O.C. Man Arrested on Federal Charges Stemming from $72 Million Scheme to Smuggle Counterfeit Cell Phone Parts from China
SANTA ANA, California – A Laguna Hills man has been arrested on federal charges alleging he oversaw a scheme that smuggled counterfeit Apple and Samsung cell phone components from China that were sold in the United States, generating tens of millions of dollars in revenue.
Chan Hung Le, 44, was arrested Tuesday afternoon pursuant to a criminal complaint that charges him with conspiracy to defraud the United States, conspiracy to traffic in counterfeit goods, conspiracy to illegally import merchandise, conspiracy to commit mail fraud and wire fraud, and aggravated identity theft. Le is expected to make his initial court appearance this afternoon in United States District Court in Santa Ana.
According to the affidavit in support of the complaint, Le and his wife own EZ Elektronix, a company now based in Irvine that imported counterfeit electronics products – screens and other cell phone parts – from China into the United States. Starting in June 2010, Le and several co-conspirators, including his relatives and employees, smuggled counterfeit goods and employed various tactics to avoid scrutiny from authorities in the United States, Hong Kong and China, the affidavit states.
The complaint alleges that Le attempted to conceal the scheme by using multiple business names and addresses, as well as “virtual offices” and post office boxes, in at least three U.S. states. Once the counterfeit products arrived, Le and his co-conspirators allegedly distributed the parts to the public through various online stores that falsely claimed the parts were genuine.
In October 2011 and February 2012, law enforcement executed search warrants at EZ Elektronix’s office and seized approximately 7,200 counterfeit iPhone parts and 11,700 other counterfeit cell phone parts that had a retail value of more than $1.7 million, the affidavit states. In response to the search warrants, Le allegedly changed his importation practices by having the counterfeit goods sent to mail drops he set up in Texas and Oklahoma under the names of two fictitious companies and one of his employees. After the bogus parts were sent to the mail drops, they were shipped to Southern California under a new business name, “Pac-Depot Inc.,” while legitimate merchandise was shipped directly to EZ Elektronix, the affidavit states. Using these methods, Le ensured that the shipments containing counterfeit goods would be inspected at a different port of entry in the United States and would not be associated with him or his company, court papers state.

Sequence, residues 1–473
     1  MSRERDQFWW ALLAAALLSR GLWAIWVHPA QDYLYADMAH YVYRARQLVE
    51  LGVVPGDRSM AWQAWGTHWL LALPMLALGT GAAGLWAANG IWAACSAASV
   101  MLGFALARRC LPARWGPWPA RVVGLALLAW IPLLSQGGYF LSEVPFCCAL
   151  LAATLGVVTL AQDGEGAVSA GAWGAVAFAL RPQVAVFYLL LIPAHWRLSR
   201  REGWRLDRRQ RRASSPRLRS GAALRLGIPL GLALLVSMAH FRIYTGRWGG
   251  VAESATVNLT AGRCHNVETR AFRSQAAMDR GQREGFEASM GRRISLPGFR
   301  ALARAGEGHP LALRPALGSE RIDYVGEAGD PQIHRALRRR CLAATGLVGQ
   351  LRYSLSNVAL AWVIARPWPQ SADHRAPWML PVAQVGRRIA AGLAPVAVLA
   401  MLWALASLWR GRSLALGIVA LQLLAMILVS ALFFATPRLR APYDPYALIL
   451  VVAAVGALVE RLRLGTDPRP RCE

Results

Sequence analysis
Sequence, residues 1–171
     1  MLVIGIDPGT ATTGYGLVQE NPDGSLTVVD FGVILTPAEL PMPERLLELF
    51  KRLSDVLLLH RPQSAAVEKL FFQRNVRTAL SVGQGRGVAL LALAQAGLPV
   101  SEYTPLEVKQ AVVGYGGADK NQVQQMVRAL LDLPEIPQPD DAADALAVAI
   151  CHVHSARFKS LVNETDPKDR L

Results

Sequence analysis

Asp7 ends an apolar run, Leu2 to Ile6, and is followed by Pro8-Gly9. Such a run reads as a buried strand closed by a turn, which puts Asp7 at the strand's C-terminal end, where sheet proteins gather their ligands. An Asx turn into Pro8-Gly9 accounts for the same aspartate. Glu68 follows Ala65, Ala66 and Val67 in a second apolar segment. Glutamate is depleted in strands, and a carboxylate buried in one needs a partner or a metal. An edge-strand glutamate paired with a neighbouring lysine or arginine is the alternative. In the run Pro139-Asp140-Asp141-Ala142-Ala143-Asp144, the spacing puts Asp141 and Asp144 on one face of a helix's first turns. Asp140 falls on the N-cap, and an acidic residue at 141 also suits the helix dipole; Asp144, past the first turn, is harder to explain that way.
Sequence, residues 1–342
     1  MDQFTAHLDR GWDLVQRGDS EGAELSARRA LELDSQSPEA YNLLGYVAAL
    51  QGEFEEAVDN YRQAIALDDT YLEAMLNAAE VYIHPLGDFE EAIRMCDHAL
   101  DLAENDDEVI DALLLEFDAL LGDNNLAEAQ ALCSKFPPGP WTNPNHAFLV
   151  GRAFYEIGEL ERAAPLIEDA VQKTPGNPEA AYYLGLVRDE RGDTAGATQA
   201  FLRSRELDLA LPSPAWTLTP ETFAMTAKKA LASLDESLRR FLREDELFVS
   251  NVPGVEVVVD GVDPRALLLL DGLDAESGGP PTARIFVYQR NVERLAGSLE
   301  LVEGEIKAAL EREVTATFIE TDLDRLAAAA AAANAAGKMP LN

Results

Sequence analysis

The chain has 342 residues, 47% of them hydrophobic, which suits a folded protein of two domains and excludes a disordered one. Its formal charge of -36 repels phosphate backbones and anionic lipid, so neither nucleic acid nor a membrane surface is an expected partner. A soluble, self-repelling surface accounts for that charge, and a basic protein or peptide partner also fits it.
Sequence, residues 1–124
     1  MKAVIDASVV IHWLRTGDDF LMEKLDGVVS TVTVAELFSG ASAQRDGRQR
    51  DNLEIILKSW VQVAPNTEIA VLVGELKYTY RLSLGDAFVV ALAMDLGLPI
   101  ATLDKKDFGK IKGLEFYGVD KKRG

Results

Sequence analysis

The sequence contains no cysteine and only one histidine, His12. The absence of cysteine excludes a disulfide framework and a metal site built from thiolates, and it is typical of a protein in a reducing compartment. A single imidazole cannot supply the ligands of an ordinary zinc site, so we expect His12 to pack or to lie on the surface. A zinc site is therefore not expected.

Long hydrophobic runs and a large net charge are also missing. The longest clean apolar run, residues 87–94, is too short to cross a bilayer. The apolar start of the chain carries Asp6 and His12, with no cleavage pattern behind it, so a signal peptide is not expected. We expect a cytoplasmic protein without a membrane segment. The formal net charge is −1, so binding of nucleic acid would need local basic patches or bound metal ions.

In 2016, one of Le’s suppliers, Hongwei “Nick” Du, pleaded guilty in United States District Court in San Diego to conspiring to traffic in counterfeit goods and related money laundering charges. In his plea agreement, Du admitted to selling Le at least $18,744,354 worth of cellular telephone and electronic components for resale from China into the United States and that about half of the goods was counterfeit merchandise bearing the trademarks of Apple, Samsung, Nokia and other companies.
Between January 2012 and December 2018, EZ Elektronix paid more than $72 million to three companies who conspired with Le to traffic counterfeit goods from Hong Kong and China into the United States, according to the affidavit.
A search conducted Tuesday afternoon in conjunction with Le’s arrest led to the discovery of many cell phone components that appeared to be counterfeit.
A complaint contains allegations that a defendant has committed a crime. Every defendant is presumed innocent until and unless proven guilty beyond a reasonable doubt.
If convicted of all charges, Le faces a statutory maximum sentence of 45 years in federal prison on the conspiracy charges, plus a mandatory two-year consecutive sentence for the aggravated identity theft charge.
This case was investigated by U.S. Immigration and Customs Enforcement’s Homeland Security Investigations, U.S. Customs and Border Protection, and the Westminster Police Department.
This matter is being prosecuted by Assistant United States Attorney Cameron Schroeder of the Cyber and Intellectual Property Crimes Section.